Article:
The film’s plot — Superman returns to Earth after a five-year absence searching for the remains of his homeworld, Krypton — gives the movie series the new spin its producers were looking for. It’s fun watching Superman fly through the skies of Metropolis again, and the romantic triangle between him, Lois and her fiance might be the best thing about the movie. But Reeve and Margot Kidder were so good in their roles, it’s almost impossible for Routh and Kate Bosworth to live up to their standards. (And Bosworth looks so young in comparison to Kidder, you might think the new movie takes place five years prior to “Superman II,” not five years after it.)

Routh doesn’t play the klutzy aspect of Clark Kent well, though he doesn’t get much scene time as Clark anyway. Most of the time, Routh is playing a weakened Superman, either because he was exposed to Kryptonite, crashlanded on Earth or some other reason. The makers of this film clearly wanted to “humanize” Superman to the point where he was constantly vulnerable, yet much of the appeal of Superman — to many, at least — is the great feats of strength he performs (in addition to the attraction between him and Lois).

Fans will want to see “Superman Returns,” though they should be cautioned that for their admission fee, they won’t get what the Reeve movies gave us at their best. But they won’t get what the Reeve movies gave us at their worst, either.

The Chicago Cubs were mathematically eliminated from the playoffs yesterday, long after they were unofficially eliminated from the postseason.

Not to worry. I was watching “Back to the Future Part II” the other day and was reminded that the Cubs will win the World Series in 2015. Of course, they beat Miami, which means a subsequent time paradox must have moved the Marlins from the American League to the National League. Perhaps the Cubs will beat the Tampa Bay Rays instead.

On the other hand, a time paradox also may have wiped out the Cubs’ future World Series victory, too. Great Scott!

Earlier this week I finished reading Cormac McCarthy’s The Road, winner of the 2006 Pulitzer Prize for Literature (and purchased by me for 50 cents at a used book sale). It is an intriguing novel that raises questions most people don’t ponder at length (if at all). Perhaps the most obvious one is this: How would I (the reader) react if faced with eking out a miserable life in a post-apocalyptic world?

As somebody who gets easily annoyed by bad grammar (especially when it appears in print after allegedly being edited), I initially had to get past McCarthy’s writing style, which clashes loudly with much of what I learned in English classes and newsrooms. But I suppose bad grammar and lack of proper punctuation usage is all the rage during these text message-heavy, Twittering days, so perhaps I am a throwback in that respect.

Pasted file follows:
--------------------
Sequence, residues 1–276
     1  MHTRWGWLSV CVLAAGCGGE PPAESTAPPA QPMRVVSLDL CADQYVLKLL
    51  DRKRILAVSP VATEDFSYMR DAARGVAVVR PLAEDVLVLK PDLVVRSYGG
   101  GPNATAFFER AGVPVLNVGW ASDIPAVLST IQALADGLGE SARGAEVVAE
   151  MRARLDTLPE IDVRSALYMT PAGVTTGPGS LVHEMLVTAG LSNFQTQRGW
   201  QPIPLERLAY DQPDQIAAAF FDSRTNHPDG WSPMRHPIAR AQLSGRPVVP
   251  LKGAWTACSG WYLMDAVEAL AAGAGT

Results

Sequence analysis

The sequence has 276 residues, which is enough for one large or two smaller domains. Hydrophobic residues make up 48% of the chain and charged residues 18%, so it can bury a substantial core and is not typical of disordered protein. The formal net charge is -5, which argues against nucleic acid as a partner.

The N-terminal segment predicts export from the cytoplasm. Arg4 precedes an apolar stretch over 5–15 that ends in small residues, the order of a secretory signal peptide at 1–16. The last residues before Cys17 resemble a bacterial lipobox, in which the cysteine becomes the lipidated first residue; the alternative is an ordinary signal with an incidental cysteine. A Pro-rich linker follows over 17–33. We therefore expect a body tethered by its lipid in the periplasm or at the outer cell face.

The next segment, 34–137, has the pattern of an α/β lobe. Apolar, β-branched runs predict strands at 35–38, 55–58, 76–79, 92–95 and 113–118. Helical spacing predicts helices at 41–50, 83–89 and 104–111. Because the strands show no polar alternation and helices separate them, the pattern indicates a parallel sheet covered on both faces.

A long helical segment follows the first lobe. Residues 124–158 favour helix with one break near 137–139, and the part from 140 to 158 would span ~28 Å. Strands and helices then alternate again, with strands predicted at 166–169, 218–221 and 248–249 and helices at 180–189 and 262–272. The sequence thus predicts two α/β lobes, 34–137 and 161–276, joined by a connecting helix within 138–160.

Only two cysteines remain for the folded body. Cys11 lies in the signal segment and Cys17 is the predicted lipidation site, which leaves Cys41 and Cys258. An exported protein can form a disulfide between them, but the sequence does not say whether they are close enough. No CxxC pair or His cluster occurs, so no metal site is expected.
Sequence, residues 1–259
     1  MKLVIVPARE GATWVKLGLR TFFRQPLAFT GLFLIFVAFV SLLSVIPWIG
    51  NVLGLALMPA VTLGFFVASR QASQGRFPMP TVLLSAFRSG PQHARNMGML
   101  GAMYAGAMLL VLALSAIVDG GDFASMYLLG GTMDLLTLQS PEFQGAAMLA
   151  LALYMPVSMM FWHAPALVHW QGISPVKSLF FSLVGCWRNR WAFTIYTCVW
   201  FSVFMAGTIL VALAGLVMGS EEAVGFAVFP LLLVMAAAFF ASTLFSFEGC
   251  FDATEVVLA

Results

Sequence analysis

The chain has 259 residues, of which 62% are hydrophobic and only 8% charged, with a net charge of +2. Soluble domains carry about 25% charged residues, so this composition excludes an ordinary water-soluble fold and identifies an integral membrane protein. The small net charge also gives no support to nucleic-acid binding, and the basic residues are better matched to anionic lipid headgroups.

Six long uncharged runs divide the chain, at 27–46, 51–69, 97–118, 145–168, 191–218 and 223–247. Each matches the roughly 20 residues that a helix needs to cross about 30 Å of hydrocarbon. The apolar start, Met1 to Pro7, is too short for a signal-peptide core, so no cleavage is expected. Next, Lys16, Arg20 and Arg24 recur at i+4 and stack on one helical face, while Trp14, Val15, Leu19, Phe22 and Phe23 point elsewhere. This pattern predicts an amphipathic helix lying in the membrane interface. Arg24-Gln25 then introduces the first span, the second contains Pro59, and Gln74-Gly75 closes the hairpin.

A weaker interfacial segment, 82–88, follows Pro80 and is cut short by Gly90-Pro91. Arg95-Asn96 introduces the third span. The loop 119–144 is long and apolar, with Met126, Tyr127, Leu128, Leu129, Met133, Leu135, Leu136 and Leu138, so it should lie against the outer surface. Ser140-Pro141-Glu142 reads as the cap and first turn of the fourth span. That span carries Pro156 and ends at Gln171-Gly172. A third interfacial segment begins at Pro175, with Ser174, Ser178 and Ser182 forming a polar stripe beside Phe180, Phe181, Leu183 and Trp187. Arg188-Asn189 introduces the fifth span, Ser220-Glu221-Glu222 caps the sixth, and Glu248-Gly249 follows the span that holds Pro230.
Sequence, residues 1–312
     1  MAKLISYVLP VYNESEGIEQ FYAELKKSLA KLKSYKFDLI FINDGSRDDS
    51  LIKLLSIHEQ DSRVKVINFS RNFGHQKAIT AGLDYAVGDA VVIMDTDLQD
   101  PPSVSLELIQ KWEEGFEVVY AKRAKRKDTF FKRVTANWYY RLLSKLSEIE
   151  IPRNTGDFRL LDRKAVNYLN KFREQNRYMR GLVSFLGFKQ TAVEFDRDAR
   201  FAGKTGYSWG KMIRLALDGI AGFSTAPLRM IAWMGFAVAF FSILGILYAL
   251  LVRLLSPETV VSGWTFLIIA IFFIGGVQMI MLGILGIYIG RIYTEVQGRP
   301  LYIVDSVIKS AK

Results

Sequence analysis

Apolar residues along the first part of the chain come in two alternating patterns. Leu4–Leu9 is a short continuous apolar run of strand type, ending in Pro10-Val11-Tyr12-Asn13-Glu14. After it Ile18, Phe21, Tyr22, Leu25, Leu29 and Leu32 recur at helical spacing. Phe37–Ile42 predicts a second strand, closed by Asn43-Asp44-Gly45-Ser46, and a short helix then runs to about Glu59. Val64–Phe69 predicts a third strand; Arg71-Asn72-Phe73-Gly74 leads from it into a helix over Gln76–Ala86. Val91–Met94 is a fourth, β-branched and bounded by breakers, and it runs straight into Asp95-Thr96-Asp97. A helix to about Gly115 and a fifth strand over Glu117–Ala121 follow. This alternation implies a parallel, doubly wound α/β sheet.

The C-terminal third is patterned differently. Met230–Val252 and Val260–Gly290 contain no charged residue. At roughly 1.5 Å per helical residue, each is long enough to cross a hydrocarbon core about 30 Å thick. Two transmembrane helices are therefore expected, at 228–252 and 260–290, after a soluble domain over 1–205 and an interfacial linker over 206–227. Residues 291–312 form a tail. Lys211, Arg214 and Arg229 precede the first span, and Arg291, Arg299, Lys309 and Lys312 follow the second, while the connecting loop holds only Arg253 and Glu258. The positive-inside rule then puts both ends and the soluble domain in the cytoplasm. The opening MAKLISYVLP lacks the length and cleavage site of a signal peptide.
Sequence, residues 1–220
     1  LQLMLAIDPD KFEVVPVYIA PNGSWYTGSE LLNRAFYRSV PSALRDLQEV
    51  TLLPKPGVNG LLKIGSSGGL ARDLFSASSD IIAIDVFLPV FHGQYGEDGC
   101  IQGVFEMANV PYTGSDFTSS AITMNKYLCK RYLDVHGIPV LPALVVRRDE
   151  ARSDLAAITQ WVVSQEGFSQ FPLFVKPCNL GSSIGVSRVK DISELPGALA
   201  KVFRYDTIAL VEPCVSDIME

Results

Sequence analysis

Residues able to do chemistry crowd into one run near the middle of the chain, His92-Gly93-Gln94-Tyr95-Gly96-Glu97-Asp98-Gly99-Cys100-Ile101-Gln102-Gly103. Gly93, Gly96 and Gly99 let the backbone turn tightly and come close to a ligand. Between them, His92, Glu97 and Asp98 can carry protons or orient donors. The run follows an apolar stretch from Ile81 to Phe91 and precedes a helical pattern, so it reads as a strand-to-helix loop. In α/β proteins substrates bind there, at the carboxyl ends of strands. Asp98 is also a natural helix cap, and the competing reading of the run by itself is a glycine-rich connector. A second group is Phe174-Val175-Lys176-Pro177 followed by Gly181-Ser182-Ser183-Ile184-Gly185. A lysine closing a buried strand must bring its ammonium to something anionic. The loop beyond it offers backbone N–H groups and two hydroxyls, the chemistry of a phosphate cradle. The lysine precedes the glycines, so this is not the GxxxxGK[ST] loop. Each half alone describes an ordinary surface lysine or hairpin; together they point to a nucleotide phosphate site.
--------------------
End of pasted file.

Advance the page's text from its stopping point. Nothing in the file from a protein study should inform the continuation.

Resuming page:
Anyway, once I became accustomed to McCarthy’s writing style, I was drawn by his description of bleak, post-apocalyptic survival. The Road has a lot of potential in its next incarnation, a film adaptation starring Viggo Mortensen. The movie is tentatively scheduled for release in October.

* * *

I’ve begun reading my next book, Richard Wolffe’s Renegade: The Making of a President, about Barack Obama’s presidential campaign. Judging by the first chapter, it will be a good read for a political junkie like myself.

Wolffe, who covered Obama’s presidential campaign for Newsweek, probably is best known as a political analyst for MSNBC. When he appears on Countdown with Keith Olbermann, Wolffe typically begins with the greeting, “Good evening, Keith,” delivered in a soothing British accent. (Well, at least I find British accents soothing.)

Wolffe’s usual greeting made me think about how he can personalize his books. Imagine being greeted by Wolffe when you crack open his book at night: “Good evening, Craig.” The book’s publisher (Crown, a subsidiary of Random House) could set up a way to order the personalized books through a Web site. Of course, the personalized books would cost a little more money, but they sure would be unique, eh?

Patti Blagojevich didn’t do much in Tuesday’s episode of “I’m A Celebrity … Get Me Out of Here,” other than make her acting debut (unless you count her participation in the reality TV show as acting).

The quasi-celebrities were given a handheld camcorder to use for a day, and Stephen Baldwin came up with the idea to make a low-budget slasher film. Baldwin suggested Lou Diamond Phillips direct the flick, and the “La Bamba” star didn’t disappoint. He employed the usual horror-film cliches to create a short, entertaining film that ended with Blagojevich getting “killed” by a masked murderer.

Other than that, Blagojevich participated in the immunity trial “Up In Arms,” wherein the contestants had to use one hand to hold up a bucket of slime. Phillips won the trial, which earned him immunity from the public vote until the final week of the show.

Two contestants will be voted out of the jungle Thursday. At the end of Tuesday’s show, camp leader John Salley got to pick somebody to be immune to the public vote this week. At first I thought he would choose his camp BFF Patti, but he picked himself.

“The longer I last, the more I want to win,” Blagojevich said early in the episode.

It’s been more than 24 hours since I saw the new “Star Trek” movie and I’m still not sure how I feel about it.